• clarify responsibilities of participants in the ARC process, including trustees, municipal officials, and the public.
  • have the province play a leadership role, organizing discussions and providing incentives to municipalities, school boards and community partners to collaborate

Supporting quality education in rural communities

In this discussion area, participants were asked about what is working well in their communities, what needs improvement and the ways the funding formula can be better tailored to meet their needs.

Key themes and suggestions included:

  • education in small rural schools can advantageous for students and is working well in many places
  • there is a need for greater equity in access to transportation options, mental health and other services and educational programming opportunities
  • There is a need for a separate funding model for rural schools; the current per-student funding model is seen to put rural schools at a disadvantage
  • Establish a clear definition of rural and remote schools that allows flexibility.
  • Create opportunities for the community and the parents to become more involved.
  • Ensure the culture and language in the community is being preserved and respected.

Feedback from the online survey Feedback on the >pupil accommodation review

The majority of respondents were disappointed with the pupil accommodation review process they experienced.

Most noted that the process felt controlled and that opportunities to share ideas and find solutions were not provided.

Some also felt that parents and accommodation review committees’ efforts to find alternatives were under-resourced and not supported by the board.

Improving communication was another persistent theme. Many respondents noted that consultations on the future of schools should occur earlier, that boards need to communicate with municipalities, that public engagement needs to be more frequent and better advertised.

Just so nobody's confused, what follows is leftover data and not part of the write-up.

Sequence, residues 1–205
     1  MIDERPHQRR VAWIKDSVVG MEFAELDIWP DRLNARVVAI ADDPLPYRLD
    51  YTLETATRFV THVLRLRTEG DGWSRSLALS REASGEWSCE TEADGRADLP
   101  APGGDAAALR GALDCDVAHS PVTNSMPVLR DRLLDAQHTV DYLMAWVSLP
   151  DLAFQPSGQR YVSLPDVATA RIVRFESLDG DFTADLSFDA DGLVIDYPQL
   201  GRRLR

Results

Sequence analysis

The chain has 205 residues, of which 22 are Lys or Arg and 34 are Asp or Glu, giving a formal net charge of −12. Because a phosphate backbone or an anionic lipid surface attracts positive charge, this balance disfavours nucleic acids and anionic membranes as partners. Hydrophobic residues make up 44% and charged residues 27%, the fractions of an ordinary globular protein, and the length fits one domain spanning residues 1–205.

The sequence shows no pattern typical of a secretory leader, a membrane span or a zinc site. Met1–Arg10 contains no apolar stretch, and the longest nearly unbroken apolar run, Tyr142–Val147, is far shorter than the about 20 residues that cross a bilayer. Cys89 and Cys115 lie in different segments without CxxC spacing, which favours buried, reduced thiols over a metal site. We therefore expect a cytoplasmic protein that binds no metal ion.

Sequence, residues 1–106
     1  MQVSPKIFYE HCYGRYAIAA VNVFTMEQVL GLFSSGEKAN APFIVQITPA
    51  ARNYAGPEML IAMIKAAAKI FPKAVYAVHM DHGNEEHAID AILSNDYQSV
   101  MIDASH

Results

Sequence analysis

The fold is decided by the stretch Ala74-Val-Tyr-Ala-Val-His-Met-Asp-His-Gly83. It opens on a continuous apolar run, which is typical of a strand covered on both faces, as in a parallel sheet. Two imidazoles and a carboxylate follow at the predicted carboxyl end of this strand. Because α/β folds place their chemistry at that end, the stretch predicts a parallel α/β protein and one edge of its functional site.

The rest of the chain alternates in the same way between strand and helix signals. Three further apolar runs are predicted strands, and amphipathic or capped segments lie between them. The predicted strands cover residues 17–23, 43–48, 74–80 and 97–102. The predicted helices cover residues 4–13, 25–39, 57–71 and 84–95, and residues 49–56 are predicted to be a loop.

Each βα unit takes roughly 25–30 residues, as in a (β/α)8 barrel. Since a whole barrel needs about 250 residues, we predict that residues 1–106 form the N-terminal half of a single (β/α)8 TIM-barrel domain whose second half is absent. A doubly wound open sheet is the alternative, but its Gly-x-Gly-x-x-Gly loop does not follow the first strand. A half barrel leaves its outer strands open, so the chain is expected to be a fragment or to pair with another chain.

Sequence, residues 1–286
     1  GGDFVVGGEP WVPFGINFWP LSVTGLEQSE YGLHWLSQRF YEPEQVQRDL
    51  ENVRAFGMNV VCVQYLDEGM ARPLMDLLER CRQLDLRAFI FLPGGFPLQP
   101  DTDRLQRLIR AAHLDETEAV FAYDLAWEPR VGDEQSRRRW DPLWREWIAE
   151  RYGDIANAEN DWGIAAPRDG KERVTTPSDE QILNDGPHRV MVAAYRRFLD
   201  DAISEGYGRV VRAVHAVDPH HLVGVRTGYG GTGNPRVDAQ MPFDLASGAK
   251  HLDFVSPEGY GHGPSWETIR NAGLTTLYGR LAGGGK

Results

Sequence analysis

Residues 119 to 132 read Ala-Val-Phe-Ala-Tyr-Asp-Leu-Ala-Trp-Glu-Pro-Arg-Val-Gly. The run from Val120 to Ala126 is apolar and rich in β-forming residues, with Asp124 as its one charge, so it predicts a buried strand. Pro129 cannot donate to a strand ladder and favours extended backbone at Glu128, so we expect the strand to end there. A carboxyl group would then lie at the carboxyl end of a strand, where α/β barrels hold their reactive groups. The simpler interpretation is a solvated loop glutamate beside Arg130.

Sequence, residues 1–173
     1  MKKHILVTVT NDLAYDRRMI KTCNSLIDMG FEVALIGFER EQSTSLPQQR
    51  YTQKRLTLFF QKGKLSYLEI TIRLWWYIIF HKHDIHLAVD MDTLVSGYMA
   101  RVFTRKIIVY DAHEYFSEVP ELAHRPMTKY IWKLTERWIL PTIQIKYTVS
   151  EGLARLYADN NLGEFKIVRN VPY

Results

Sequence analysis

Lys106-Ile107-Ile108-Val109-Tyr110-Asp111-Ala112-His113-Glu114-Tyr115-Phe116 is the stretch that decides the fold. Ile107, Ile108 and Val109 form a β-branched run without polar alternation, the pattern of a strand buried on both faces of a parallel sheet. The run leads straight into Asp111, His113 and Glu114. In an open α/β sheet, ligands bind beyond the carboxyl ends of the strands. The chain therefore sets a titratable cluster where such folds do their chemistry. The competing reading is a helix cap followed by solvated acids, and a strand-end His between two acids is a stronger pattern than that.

Suggestions for creating more community hubs in schools

Many respondents believed that there is little incentive for school boards to partner with community organizations.

Many also that the cost of the school space can be prohibitive for partners.

Many respondents believed that school boards do not know what potential partners exist in their community.

Several noted that municipalities, the province and the boards need to collaborate to explore partnership opportunities.

Many respondents listed the types of partners they would like to see in hubs.

Sharing space between boards

Ideas that could help remove barriers or create opportunities for school boards to share space

Many respondents argued that boards need more policy direction from the Ministry to share space – more incentives or mandate to make best use of resources and share space.
Several suggested that capital funding applications should require proof that co-terminus space-sharing options have been exhausted before funding is granted.

Other input

Respondents were given the opportunity to share any other feedback they desired.

Most respondents gave suggestions about the kinds of educational programming they would like to see in school, such as French language, e-learning and skilled trades programs.

Other suggestions centred on sharing space and resources between boards and partners.

Many also noted that rural schools have unique needs and advantages –a one-size-fits-all approach to funding is inadequate.